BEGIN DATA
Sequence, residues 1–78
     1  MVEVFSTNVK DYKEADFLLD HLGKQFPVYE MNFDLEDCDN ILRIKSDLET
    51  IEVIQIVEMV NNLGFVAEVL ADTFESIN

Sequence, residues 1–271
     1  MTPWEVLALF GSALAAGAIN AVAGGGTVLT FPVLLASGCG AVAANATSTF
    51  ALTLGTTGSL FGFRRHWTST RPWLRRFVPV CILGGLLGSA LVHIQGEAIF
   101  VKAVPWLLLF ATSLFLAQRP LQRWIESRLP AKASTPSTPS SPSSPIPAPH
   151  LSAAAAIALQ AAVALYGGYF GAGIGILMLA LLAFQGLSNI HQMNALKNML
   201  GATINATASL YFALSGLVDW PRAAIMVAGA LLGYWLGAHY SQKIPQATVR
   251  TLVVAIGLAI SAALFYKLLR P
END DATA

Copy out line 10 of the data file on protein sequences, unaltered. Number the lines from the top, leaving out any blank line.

   251  TLVVAIGLAI SAALFYKLLR P